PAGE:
White Sand beach on Boracay Island, in the Philippines.

The return of Chinese tourists restores hope in the Philippines' tourism industry

When the Chinese government made the decision to relax its pandemic restrictions and allow for travel abroad again, tourism professionals in the Philippines welcomed the news, but concerns linger about the expected increase in mass tourism.

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When the Chinese government earlier this month made the decision to relax its pandemic restrictions and allow for travel abroad again, countries that are heavily dependent on Chinese tourism dollars were immediately buoyed.

In the Philippines, where 12% of the economy is tourism-dependent and Chinese tourists were the second-largest market pre-pandemic, the news came as a relief. 

The arrival of Chinese tourists “will greatly help us in our effort to transform and recover the tourism industry,” Philippine Tourism Secretary Christina Garcia Frasco told reporters last week when the first plane of Chinese visitors arrived at the Manila airport.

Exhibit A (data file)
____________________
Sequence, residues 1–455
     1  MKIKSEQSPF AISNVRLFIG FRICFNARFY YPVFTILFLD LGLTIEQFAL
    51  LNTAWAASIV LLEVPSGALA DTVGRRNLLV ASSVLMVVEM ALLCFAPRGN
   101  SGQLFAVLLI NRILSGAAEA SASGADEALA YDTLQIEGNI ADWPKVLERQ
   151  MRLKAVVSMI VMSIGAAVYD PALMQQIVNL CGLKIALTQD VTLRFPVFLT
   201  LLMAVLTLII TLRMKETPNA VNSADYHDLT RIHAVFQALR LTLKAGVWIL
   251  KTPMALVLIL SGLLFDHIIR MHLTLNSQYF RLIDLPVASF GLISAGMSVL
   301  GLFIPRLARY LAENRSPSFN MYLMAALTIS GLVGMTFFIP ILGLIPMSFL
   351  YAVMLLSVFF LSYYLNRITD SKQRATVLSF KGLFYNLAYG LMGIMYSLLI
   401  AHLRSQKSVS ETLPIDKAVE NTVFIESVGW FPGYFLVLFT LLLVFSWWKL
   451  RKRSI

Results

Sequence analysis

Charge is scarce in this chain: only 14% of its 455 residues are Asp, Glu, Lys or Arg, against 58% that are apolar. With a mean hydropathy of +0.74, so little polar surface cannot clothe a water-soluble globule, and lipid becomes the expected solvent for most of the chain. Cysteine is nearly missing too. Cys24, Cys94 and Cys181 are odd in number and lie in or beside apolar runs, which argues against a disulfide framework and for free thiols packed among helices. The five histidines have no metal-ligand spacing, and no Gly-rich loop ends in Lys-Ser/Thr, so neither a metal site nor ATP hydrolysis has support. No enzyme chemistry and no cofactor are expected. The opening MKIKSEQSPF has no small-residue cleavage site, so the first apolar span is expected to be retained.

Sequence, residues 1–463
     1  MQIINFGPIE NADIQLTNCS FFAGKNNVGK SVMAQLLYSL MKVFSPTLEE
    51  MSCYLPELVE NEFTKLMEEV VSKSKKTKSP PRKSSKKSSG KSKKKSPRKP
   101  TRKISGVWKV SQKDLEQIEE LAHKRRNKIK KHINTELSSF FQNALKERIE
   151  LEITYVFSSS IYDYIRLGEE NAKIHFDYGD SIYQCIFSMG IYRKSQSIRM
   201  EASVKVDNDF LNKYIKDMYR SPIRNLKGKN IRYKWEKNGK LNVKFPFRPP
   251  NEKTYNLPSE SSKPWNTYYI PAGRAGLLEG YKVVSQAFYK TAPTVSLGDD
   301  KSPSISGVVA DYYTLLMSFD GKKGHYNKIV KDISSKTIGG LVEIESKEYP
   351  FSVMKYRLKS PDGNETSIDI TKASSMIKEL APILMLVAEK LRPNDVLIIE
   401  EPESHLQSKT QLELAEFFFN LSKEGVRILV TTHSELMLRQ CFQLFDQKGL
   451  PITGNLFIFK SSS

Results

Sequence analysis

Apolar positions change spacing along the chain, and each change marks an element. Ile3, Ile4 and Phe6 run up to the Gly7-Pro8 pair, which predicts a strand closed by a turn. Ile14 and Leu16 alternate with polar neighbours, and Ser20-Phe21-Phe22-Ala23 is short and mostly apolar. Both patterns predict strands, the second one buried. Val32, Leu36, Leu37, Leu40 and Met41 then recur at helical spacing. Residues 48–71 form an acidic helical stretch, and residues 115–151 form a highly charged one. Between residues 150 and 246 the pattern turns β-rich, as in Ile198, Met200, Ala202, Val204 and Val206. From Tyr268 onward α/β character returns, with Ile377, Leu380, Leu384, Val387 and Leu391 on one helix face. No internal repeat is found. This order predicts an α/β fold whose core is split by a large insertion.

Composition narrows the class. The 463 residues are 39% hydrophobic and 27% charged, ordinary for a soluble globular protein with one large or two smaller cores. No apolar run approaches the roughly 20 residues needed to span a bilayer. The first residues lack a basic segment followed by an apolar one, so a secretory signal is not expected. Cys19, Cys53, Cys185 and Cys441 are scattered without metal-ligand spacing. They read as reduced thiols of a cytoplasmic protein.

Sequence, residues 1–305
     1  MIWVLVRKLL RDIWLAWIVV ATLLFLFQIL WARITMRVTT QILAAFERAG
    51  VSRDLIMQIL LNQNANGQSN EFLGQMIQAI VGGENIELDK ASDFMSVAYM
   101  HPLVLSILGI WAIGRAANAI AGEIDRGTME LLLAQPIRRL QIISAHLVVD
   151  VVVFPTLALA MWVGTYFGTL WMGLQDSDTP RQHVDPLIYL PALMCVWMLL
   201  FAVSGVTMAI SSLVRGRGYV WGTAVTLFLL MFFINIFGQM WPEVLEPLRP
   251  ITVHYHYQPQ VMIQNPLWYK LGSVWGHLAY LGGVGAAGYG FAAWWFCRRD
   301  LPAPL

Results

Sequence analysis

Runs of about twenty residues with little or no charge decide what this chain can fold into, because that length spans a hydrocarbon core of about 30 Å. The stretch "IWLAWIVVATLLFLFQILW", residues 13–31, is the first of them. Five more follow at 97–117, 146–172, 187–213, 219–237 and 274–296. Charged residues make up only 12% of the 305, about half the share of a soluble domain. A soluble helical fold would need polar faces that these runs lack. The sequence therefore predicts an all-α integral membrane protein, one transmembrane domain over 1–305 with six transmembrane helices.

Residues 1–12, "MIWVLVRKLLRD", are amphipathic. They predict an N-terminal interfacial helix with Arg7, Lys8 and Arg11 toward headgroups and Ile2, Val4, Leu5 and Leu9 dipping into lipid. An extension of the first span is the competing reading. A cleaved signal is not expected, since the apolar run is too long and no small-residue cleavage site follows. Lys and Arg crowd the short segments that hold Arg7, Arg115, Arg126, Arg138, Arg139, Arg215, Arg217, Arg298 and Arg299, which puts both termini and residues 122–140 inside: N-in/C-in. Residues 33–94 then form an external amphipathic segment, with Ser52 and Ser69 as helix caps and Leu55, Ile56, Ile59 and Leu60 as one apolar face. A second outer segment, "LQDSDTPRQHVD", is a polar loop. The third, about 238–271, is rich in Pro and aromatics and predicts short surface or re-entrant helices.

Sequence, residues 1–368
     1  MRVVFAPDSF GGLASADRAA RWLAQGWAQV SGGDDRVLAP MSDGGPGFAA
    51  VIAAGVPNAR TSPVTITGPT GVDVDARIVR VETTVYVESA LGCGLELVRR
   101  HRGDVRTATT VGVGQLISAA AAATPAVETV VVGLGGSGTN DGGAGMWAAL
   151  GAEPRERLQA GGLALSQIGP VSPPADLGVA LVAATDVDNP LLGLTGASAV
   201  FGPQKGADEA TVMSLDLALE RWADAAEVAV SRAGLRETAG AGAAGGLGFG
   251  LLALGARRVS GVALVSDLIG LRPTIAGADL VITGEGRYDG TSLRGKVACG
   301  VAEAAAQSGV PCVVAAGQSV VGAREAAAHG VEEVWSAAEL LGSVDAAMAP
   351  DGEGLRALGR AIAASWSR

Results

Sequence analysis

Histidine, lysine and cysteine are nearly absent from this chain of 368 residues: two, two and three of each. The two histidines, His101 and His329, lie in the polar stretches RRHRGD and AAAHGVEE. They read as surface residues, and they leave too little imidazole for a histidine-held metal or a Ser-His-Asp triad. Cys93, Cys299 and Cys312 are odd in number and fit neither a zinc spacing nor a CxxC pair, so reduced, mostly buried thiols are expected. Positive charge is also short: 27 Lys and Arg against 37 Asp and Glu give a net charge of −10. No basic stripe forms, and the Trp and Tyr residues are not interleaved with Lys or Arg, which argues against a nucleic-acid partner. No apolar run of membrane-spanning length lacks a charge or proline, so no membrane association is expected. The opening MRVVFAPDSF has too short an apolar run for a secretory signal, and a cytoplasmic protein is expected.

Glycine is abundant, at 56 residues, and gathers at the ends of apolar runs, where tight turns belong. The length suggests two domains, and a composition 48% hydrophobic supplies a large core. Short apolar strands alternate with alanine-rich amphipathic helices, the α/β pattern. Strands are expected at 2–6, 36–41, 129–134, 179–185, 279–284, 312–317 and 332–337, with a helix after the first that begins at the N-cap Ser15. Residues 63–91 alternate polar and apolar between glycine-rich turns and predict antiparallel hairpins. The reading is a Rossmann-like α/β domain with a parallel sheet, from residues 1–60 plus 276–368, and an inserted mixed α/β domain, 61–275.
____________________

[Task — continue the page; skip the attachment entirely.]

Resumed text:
“Our intention is not only to regain our pre-pandemic numbers, but to exceed it,” she said.

‘We are hoping the Chinese will come’

Tourism workers on Boracay Island, the Philippines’ most popular vacation destination, are working hard to prepare for the influx of travelers this year. 

Known for its glistening white sand beach, gorgeous sunsets and incredible diving, Boracay saw more than 2 million visitors in 2019, according to the government. 

But once the pandemic hit, virtually no one made any money for about two years.

“Maybe we lost, like 80% [of revenue],” Ga Arboleda, manager of DiveGuru’s boutique hotel, restaurant and dive shop said.

She added that once the pandemic took hold, many of her approximately 30 employees wanted to go back to the mainland. So for nearly two years, only she, her husband, their daughter and a couple of other employees ran the business, which barely survived, thanks to the few tourists stranded on Boracay, a special permit they received from the government to stay open and some one-off contracts to teach diving lessons.